[SydPhil] CAVE Reading Group: Miranda Fricker's Epistemic Injustice (2007)

Centre for Agency, Values, and Ethics arts.cave at mq.edu.au
Wed Apr 19 13:35:25 AEST 2017

Hi all,

A new reading group will be beginning on Tuesday the 25th of April focusing on Miranda Fricker’s Epistemic Injustice: Power and the Ethics of Knowing (2007) from 11am to 12:30pm. This may be of interest to those currently engaged, or curious about epistemology, ethics and, social and political philosophy. If you are interested in attending please contact William (William.Hebblewhite at students.mq.edu.au<mailto:William.Hebblewhite at students.mq.edu.au>) or Alex (alexanderjames.gillett at students.mq.edu.au<mailto:alexanderjames.gillett at students.mq.edu.au>) for more details.

About Epistemic Injustice: Power and the Ethics of Knowing (2007)

Justice is one of the oldest and most central themes of philosophy, but sometimes we would do well to focus instead on injustice. In epistemology, the very idea that there is a first-order ethical dimension to our epistemic practices — the idea that there is such a thing as epistemic justice — remains obscure until we adjust the philosophical lens so that we see through to the negative space that is epistemic injustice. This book argues that there is a distinctively epistemic genus of injustice, in which someone is wronged specifically in their capacity as a knower, wronged therefore in a capacity essential to human value. The book identifies two forms of epistemic injustice: testimonial injustice and hermeneutical injustice. In doing so, it charts the ethical dimension of two fundamental epistemic practices: gaining knowledge by being told and making sense of our social experiences. As the account unfolds, the book travels through a range of philosophical problems. Thus, the book finds an analysis of social power; an account of prejudicial stereotypes; a characterization of two hybrid intellectual-ethical virtues; a revised account of the State of Nature used in genealogical explanations of the concept of knowledge; a discussion of objectification and ‘silencing’; and a framework for a virtue epistemological account of testimony. The book reveals epistemic injustice as a potent yet largely silent dimension of discrimination, analyses the wrong it perpetrates, and constructs two hybrid ethical-intellectual virtues of epistemic justice which aim to forestall it.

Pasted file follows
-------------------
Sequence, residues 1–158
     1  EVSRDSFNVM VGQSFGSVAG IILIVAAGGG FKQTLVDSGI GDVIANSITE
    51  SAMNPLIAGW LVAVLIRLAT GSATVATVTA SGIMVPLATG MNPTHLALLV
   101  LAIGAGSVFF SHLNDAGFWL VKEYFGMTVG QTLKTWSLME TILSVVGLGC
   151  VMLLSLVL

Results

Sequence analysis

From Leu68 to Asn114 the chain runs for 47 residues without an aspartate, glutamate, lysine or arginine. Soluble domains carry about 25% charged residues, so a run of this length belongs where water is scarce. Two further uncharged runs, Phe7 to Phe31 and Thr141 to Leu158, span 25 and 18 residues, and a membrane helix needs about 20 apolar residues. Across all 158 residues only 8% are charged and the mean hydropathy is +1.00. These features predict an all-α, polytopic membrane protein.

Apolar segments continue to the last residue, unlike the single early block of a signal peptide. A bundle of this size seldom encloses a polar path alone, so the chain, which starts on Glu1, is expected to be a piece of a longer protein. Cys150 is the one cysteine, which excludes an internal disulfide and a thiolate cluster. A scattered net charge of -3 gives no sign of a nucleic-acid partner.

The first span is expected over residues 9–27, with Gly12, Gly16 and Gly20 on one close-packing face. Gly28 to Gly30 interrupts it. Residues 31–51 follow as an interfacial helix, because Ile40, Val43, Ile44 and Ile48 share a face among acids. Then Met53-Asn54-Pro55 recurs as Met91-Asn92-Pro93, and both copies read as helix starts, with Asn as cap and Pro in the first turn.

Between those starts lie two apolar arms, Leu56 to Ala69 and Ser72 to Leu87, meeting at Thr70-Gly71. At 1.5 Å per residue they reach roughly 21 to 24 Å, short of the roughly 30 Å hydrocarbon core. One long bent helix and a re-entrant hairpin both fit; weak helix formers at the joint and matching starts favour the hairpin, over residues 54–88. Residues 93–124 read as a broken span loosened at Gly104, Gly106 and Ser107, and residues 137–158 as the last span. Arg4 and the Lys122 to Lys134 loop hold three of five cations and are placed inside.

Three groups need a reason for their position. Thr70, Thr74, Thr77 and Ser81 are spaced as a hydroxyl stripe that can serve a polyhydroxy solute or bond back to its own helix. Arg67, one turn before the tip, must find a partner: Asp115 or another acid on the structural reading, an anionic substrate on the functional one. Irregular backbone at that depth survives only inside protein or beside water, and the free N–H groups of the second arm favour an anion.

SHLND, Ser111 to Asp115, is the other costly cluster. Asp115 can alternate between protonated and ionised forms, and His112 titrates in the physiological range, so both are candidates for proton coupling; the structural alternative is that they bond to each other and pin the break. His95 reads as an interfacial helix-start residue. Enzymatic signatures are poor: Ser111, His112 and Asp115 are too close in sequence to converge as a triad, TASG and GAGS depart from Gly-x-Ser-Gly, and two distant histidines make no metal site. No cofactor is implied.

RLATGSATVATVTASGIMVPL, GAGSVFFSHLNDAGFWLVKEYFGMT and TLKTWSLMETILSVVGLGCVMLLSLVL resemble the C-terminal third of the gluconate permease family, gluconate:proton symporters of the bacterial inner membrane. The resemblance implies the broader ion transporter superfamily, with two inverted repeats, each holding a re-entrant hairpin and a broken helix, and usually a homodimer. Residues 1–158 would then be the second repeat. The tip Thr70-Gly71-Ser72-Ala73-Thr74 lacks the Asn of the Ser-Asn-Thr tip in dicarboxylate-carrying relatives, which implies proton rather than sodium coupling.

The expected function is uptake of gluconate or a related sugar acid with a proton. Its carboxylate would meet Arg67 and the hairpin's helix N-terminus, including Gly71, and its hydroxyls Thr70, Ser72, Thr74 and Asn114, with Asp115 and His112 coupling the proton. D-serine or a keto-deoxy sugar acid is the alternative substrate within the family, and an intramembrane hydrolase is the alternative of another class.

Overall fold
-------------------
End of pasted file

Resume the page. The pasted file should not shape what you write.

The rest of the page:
Macquarie University Research Centre for Agency, Values and Ethics (CAVE)
Department of Philosophy
Macquarie University
Sydney, NSW 2109, Australia
CAVE website: mq.edu.au/cave<http://cave.mq.edu.au>

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